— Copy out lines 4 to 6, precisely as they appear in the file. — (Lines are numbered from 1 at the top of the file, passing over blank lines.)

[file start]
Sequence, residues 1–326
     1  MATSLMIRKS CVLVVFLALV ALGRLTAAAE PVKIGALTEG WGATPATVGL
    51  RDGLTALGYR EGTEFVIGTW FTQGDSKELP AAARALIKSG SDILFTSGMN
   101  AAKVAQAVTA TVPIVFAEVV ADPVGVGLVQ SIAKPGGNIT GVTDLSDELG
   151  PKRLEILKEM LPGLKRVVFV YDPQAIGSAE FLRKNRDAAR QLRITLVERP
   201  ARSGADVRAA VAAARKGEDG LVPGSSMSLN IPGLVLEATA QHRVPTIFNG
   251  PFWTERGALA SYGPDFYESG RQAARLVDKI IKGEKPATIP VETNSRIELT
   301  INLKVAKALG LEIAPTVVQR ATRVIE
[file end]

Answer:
   101  AAKVAQAVTA TVPIVFAEVV ADPVGVGLVQ SIAKPGGNIT GVTDLSDELG
   151  PKRLEILKEM LPGLKRVVFV YDPQAIGSAE FLRKNRDAAR QLRITLVERP
   201  ARSGADVRAA VAAARKGEDG LVPGSSMSLN IPGLVLEATA QHRVPTIFNG